She glared at him, but seemed to accept this fact. “Cloud will stop you.”

“Cloud can’t stop me.”

It was clear that she didn’t believe those words, even as she stood and scowled at him.

“He killed you,” Tifa said defiantly.

“That is an inevitable turn in our fate,” Sephiroth agreed. “But I will return. And the cycle will begin again.” He stretched out his wing and slowly tilted his head towards the cup. “This is a temporary reprieve from the cycle, but the wheels of fate are merciless. Time will push us to be enemies.” He slowly fell silent as he considered his options.

Or, perhaps, Cloud would defy fate once more and…

Tifa slowly blinked at him. “Do you want to die by his blade?”

“There is no other option,” Sephiroth answered. “None other can defeat me. And he is the one who holds that power. Even if you were to pierce my heart and tear it from my chest, I doubt I’ll die from that.” He slowly bundled himself behind his wing and sighed deeply. “Cloud will defeat me. That is a fact. I will not allow him to die. That is also a fact.” He waved a hand at her. “I tire of this conversation. Leave me.”

The woman looked like she was going to protest, but then slowly nodded, watching Sephiroth stare at her. She turned on her heel and left.


The sky was splashed with navy blue, streaked with a fiery red brush. From here, Sephiroth could faintly see the stars that had begun to reveal themselves in the night sky. The sound of Cloud’s motorbike signaled his return from his latest delivery, but Sephiroth didn’t go meet him like the woman and the child. He didn’t have the ambition or patience to play the part of the child he appeared to be.

It was quite late when Cloud returned to his bedroom, having finished dinner and bidding his companions a good evening. Sephiroth knew this, just as he knew that he would not be welcome among them. 

Cloud must have seen him peering out the window at the stars.

“What’s it like out there?” he asked softly, removing his gloves and sword harness.

“Cold,” Sephiroth answered, just as soft. “Cold and lonely. There is nothing out there but the cosmos as company. Life as you know it is only a series of chemical reactions and so the stars breathe life. But it’s cold.” He gave a faint smile to the other in the darkness, knowing that Cloud would be able to see it. “It is nothing like the warmth of your embrace. Nothing like your acceptance.”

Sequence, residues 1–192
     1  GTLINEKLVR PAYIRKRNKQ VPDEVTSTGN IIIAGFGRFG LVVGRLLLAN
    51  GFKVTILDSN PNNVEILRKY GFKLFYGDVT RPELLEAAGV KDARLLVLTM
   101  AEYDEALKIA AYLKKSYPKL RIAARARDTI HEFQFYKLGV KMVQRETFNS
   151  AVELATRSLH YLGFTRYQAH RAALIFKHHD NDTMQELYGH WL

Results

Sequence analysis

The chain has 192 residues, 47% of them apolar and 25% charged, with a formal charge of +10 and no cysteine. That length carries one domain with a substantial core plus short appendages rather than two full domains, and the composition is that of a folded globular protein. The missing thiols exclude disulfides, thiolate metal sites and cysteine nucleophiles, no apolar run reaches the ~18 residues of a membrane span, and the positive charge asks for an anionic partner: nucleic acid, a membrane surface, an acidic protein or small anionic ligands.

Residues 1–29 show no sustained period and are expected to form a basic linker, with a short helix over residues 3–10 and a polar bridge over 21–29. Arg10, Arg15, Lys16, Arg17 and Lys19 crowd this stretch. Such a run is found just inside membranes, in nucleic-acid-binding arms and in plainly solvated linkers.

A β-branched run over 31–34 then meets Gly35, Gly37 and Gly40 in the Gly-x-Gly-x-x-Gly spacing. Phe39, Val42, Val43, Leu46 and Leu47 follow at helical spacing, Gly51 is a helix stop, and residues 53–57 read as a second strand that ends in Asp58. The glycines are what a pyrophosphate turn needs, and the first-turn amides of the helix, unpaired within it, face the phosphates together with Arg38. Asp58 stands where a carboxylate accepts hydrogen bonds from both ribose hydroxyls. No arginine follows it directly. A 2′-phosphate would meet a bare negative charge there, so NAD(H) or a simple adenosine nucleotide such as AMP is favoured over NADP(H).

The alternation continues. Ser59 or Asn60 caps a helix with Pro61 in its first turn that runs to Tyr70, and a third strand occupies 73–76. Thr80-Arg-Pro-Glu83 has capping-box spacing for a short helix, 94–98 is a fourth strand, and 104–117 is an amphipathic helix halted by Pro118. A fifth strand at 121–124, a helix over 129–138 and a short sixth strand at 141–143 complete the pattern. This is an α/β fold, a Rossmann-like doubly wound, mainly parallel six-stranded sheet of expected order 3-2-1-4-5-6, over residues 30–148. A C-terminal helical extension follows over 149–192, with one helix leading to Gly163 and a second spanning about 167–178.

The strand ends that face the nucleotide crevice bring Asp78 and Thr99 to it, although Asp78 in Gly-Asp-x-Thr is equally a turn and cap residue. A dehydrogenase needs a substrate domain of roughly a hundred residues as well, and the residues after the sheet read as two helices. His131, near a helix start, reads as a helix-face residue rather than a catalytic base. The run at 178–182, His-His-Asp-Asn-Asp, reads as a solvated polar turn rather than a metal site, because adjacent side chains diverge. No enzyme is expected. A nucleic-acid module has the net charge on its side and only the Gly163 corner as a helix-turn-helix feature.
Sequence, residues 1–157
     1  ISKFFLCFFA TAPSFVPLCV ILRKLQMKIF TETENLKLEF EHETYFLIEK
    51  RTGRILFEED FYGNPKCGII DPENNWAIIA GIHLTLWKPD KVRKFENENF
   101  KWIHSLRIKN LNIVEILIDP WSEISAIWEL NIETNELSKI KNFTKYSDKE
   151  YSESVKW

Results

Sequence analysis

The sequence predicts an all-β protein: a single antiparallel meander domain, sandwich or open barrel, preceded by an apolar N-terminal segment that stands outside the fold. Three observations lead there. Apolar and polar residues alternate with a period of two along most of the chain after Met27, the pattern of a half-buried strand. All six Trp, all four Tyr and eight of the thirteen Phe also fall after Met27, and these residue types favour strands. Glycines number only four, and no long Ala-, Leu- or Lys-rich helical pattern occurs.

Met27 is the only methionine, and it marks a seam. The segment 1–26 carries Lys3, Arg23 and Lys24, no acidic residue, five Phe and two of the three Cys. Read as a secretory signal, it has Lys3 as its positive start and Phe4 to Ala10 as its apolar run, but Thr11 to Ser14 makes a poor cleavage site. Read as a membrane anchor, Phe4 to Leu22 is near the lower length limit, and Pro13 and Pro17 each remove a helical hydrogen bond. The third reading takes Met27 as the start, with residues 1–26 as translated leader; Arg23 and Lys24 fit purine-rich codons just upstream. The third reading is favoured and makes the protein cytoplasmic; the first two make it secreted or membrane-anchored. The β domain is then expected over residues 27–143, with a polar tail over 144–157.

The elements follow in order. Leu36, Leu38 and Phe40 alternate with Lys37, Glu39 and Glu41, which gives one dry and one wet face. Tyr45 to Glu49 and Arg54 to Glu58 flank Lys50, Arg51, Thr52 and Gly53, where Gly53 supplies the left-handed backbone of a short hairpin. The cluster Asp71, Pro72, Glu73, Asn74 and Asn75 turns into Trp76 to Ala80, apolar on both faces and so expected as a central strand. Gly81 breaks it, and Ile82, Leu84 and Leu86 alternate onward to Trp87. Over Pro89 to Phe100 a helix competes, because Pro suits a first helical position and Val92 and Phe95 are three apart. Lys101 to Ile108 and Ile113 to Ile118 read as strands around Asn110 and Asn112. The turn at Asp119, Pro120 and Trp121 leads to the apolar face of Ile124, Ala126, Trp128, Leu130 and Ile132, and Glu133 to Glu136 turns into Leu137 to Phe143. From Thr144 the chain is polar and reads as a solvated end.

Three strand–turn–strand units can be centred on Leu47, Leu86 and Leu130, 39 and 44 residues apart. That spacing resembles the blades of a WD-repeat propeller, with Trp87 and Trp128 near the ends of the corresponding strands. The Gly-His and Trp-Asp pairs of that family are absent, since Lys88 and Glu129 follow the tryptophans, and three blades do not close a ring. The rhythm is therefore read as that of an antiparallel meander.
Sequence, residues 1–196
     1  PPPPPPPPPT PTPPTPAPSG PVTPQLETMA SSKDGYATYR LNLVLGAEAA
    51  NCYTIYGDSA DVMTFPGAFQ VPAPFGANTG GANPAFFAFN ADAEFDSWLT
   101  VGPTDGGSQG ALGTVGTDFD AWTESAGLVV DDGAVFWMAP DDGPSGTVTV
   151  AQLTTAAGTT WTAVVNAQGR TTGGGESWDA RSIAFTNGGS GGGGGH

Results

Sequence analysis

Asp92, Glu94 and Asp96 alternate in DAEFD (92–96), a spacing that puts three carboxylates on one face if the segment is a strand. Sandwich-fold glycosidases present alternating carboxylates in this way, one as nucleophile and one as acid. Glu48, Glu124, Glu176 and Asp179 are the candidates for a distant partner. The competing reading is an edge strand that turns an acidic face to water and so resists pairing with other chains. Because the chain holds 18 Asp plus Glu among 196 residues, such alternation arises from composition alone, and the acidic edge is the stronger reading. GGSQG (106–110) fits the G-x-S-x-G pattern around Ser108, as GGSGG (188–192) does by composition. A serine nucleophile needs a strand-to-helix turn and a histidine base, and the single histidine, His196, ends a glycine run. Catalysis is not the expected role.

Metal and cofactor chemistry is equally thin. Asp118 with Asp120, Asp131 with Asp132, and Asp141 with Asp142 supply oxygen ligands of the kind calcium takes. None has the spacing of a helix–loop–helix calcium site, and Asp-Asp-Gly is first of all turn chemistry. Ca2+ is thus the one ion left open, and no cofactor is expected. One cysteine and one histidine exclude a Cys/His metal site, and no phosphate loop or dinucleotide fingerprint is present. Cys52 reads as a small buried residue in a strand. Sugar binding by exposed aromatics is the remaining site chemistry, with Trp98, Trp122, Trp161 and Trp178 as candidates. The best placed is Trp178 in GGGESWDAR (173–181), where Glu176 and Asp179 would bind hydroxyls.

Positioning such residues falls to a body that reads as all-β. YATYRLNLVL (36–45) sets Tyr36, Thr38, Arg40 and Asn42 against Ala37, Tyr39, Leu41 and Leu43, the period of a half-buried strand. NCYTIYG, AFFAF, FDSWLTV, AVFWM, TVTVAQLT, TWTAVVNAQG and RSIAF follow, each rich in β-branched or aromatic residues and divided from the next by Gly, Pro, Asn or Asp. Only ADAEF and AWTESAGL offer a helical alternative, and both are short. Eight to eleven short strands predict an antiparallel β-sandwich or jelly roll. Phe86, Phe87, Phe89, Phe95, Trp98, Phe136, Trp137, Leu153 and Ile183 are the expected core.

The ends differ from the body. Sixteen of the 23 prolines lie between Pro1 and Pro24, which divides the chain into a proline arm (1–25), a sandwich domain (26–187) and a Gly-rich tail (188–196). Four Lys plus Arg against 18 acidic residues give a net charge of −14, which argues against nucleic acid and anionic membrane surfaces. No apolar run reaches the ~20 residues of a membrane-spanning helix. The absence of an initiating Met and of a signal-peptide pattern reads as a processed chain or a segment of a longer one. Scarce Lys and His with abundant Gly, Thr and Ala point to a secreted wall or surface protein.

Cloud’s expression was calm. It made Sephiroth turn away from him slowly, looking back at the stars in the sky. 

“I would have thought the stars would have been quite hot, considering they are… well, stars,” Cloud said. 

“Goes to show what humans know about the cosmos,” Sephiroth sighed. 

“Is it better out there or on Gaia?” Cloud whispered. 

"There is nothing out there, but it's peaceful. It is lacking only one thing to make it perfect." Sephiroth pulled his knees up to the bed, wrapping his arms around his legs. 

"What is it missing?"

Wondering if Cloud was serious,  Sephiroth tilted his head. "You, of course," he replied bluntly, as this was obvious. "The only life on this planet that is worth saving." 

Cloud blinked at him and Sephiroth gave him a small smirk. 

“I think you’re giving me too much credit,” Cloud said, turning away from him.

“Am I?” Sephiroth asked. 

“There are people out there you can connect with, if you only try.”

“I can lower myself to be on their level, Cloud. But I will never truly be connected to them. I would be a single shining star in the sea of candles and burning long after the flames flickered out,” Sephiroth said. “Long after this planet dies.”

There was a silence as Cloud studied him and then he spoke the words that Sephiroth dreaded.

“Long after I die.”

A shock to Sephiroth’s senses. The reality that time was unforgivable and this was all inevitable. But Sephiroth’s eyes hardened and he looked at the man who was his enemy and his greatest weakness.

“Not you. If that means I need to destroy the world to remake it… if that means I succumb to you in the next cycle… then that is what I will do. I will spare nothing to keep you alive. If that means I must devote myself to you, then so be it.”

The words echoed in the room slowly. The shock on Cloud’s face, mixed with his discomfort only made Sephiroth chuckle. As if Cloud hadn’t known this, even though this was the first time Sephiroth had acknowledged these words out loud. 

“I will become your blade,” he vowed quietly. “And you will show me… Show me the world you imagined. If I could have really been the one to change the world, or if the one who changes the world would remain as you. It’s always been you, Cloud.”

If there was anyone in this world that could defy fate, it would be Cloud. Sephiroth would do his part and duty to serve him, just for a chance to see the other crush destiny in the palm of his hand. Whether it was Cloud to change the world… or if the truth had been spoken by Cloud and the one to defy fate was Sephiroth… Well, only time would tell.